2 regional information available from literature and public internet sites is interpreted using Dutch expertise in maintaining sea defenses, to assess whether Dutch coastal engineering solutions could be able to mitigate effects of storm surges typical for more dangerous hurricanes. It is shown that from Dutch point of view, combining coastal engineering experience with available dredging technology can lead to solutions worth looking into more closely. Figure 1. Paths of 2005 hurricanes. From: A New Framework for Planning the Future of Coastal Louisiana after the Hurricanes of 2005 by Working Group for Post-Hurricane Planning for the Louisiana Coast January 26, Damage Done by Hurricanes Hurricanes are tropical cyclones formed in the Atlantic basin, with counter clockwise rotating surface winds of 74 mph or greater. A tropical cyclone has a much lower air pressure in its center (the eye) then in his periphery; this is what causes the strong spiraling winds towards the eye. Hurricanes develop from tropical storms as they gain strength above warm ocean water, they are classified by wind strength using the Saffir-Simpson Hurricane Scale (Table 1, ref: Table 1. Hurricane classification. Scale number Winds Surge Hs (Category) (Mph) (Feet) (m) Damage to Minimal to Moderate to Extensive to Extreme 5 > 155 > Catastrophic In the last century, 165 hurricanes have made landfall at the US mainland (Blake et al. 2005). Through history hurricanes caused a tremendous amount of damage in coastal areas. This damage can be divided in three main categories of origin: wind, rain and storm surge. In hurricane history large death totals are primarily a result of a 4.6 meter (15 feet), or higher, storm surge (Blake et al. 2005). Before 1970, nine out of ten deaths caused by hurricanes were due to storm surges. Today this figure is lower, as early warning systems avoid the chance of an unexpected surge and residential areas can be evacuated in time. 92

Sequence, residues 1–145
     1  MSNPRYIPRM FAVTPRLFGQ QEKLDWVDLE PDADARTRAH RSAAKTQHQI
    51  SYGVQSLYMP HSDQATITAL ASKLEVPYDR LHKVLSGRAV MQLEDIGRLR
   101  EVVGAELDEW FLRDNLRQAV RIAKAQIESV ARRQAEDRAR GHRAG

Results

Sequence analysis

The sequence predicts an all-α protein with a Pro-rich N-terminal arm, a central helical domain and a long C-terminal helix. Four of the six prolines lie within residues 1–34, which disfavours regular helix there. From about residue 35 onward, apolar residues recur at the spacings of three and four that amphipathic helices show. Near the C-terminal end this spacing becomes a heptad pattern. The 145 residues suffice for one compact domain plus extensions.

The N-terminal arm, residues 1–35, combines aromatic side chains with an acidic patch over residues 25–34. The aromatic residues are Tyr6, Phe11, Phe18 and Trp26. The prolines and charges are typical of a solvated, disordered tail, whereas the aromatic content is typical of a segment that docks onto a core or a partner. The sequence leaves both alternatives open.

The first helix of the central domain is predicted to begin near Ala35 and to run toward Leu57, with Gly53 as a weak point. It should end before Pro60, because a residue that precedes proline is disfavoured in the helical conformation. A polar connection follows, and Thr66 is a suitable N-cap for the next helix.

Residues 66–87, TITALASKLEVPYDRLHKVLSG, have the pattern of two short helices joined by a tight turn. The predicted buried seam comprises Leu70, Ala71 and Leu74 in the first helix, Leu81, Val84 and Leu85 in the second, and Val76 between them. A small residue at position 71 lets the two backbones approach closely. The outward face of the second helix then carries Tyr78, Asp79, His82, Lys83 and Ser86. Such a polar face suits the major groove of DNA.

3 ( But early warnings cannot avoid the structural and economical damage done by a hurricane s surge. Burrus et al (2000) found that the average annual US hurricane damage for the 73 years ending in 1997 was $ 5.2 billion, much off which is attributable to storm surge. ( In recent years damage by a number of individual hurricanes has reached very high levels (Table 2.) Table 2. Hurricane damage. Most Expensive Hurricanes (Atlantic) Rank Name Year Category Damage (U.S.) Land fall Surge (ft) Main cause damage 1 Katrina $80,000,000,000 LA/MS Surge 2 Andrew $ FL/LA 17 Wind/Surge 3 Charley $15,000,000,000 FL 7 Wind 4 Wilma $14,400,000,000 FL - Wind/Surge/Rain 5 Ivan $14,200,000,000 AL/FL Surge/Rain 6 Hugo $12,500,000,000 SC 21 Surge 7 Agnes $ FL - Rain 8 Betsy $ FL/LA 10 Surge 6 Rita $9,400,000,000 LA Surge 7 Frances $8,900,000,000 FL 6 Rain 8 Camille $ LA/MS 24 Wind/Surge/Rain 9 Diane $ NE US - Rain 10 Jeanne $6,900,000,000 FL - Rain Note: Damages are listed in US dollars and are adjusted for inflation. (adjusted from: and wikipedia ) From the information collected, it can be concluded that storm surge can be seen as a far greater threat than excessive wind or rainfall. Coastal engineering measures will not be able to influence damage done by wind, will hardly be able to influence damage done by rainfall, but could very well reduce damage done by its most prominent cause, storm surge. Storm Surge Properties to Take in Account A storm surge is a fast water level rise driven by a hurricane as it approaches the coast. Low air pressure and strong winds continually pull water up towards the centre of the storm. The height of a surge depends strongly on the bathymetry of the shore face. If the hurricane is still above deep water the surge is not able to grow very high, as the water can be dispersed down and away from the hurricane. If a hurricane passes a long shallow shore face before it reaches the shore, the water cannot escape downwards any more and the surge grows (Figure 2). 93